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In the wake of recent events over the last couple of months, restraining and secluding special needs children is at the forefront again. The most recent event involved two Ohio kindergarten teachers who were videotaped dragging a child with autism by his ankle down the hallway. 1)Tribune Media Wire The parent of the child is outraged because these teachers will be facing disciplinary action from the school district, but will not be criminally charged.
Bonnie McKean, the mother of 7-year-old Corbin, stated the teacher’s aide, Heather Gregory, had worked with Corbin since preschool and knew about his behavior.
She knows him better than any other teacher in that school,” says McKean. “She knows he is prone to violent meltdowns, and she was one of the best at calming him down. 2)Richland Source
Similarly, in a elementary school in Clarksville, Tennessee, a teacher is seen on camera dragging a child with autism out of her classroom and using her foot to keep him out. 3)WBIR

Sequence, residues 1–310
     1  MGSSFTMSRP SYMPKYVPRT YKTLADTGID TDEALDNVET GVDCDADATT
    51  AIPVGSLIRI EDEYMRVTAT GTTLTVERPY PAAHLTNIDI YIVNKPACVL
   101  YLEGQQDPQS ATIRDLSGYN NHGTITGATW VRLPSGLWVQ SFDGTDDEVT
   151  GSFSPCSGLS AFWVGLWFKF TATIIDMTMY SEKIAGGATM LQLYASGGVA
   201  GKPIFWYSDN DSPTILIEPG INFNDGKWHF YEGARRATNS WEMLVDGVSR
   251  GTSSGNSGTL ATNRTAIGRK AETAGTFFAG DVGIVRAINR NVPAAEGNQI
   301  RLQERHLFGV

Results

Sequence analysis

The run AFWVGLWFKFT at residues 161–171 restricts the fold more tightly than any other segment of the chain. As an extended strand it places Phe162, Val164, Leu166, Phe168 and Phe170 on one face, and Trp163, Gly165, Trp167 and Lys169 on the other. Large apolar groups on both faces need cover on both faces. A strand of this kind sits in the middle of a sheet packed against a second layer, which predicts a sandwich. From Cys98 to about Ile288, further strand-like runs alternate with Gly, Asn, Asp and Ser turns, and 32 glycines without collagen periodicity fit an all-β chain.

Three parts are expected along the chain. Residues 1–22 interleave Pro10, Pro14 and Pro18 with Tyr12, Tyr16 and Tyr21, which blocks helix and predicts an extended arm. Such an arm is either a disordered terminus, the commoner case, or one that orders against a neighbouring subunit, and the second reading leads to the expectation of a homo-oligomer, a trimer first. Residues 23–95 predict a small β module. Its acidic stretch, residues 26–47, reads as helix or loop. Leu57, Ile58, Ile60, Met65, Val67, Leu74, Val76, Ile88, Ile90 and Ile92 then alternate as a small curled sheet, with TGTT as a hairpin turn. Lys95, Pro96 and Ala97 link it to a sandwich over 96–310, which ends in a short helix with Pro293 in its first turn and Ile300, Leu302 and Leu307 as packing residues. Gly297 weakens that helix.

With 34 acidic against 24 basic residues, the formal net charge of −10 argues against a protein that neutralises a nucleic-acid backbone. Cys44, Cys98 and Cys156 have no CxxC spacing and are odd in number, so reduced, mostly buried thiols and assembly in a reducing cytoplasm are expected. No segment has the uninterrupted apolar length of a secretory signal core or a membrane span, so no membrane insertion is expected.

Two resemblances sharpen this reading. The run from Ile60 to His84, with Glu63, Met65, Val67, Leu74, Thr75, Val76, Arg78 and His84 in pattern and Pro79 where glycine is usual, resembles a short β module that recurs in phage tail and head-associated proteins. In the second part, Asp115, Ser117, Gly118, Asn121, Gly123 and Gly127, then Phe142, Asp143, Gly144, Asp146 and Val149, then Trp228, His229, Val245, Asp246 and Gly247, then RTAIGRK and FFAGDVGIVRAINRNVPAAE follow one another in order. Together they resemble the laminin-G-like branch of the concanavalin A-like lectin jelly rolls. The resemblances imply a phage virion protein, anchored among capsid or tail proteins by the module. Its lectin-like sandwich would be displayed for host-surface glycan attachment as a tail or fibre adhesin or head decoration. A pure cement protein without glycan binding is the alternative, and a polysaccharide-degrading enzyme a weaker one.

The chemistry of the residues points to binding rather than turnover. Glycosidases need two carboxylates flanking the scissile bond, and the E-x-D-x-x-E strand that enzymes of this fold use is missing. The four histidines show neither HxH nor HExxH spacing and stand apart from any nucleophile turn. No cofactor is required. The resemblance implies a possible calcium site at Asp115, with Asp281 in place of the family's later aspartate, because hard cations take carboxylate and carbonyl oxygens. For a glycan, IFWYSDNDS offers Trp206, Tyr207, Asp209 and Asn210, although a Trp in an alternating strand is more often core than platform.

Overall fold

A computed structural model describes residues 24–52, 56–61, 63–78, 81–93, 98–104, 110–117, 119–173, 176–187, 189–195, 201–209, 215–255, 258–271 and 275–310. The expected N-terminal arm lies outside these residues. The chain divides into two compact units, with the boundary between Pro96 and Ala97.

These are not the first instances we have heard about students being dragged and unfortunately, it will not be the last.
So as a parent what do you do to prevent this from happening to your child?
The first thing to do is understand your rights as a parent. According to the Office of Civil Rights (OCR) of the US Department of Education, students with disabilities are restrained and secluded at a much higher rate than their typical peers and make up the majority (67%) of students who were restrained or secluded. Many special needs parents do not know this or the rights of their child.
It is important to note that any school district cannot deny a student with a disability their right to a free appropriate public education (FAPE), as well as restrain them, in a way that is discriminatory because of their disability. According to an OCR press release on December 28, 2016, there are “best practices” for restraint and seclusion in schools and should only be practiced by “trained” staff members. Additionally, schools should not use restraint and seclusion for disciplinary measures or use mechanical restraints. However, restraints or seclusion of students should only be used “if a child’s behavior poses imminent danger of serious physical harm to self or others.”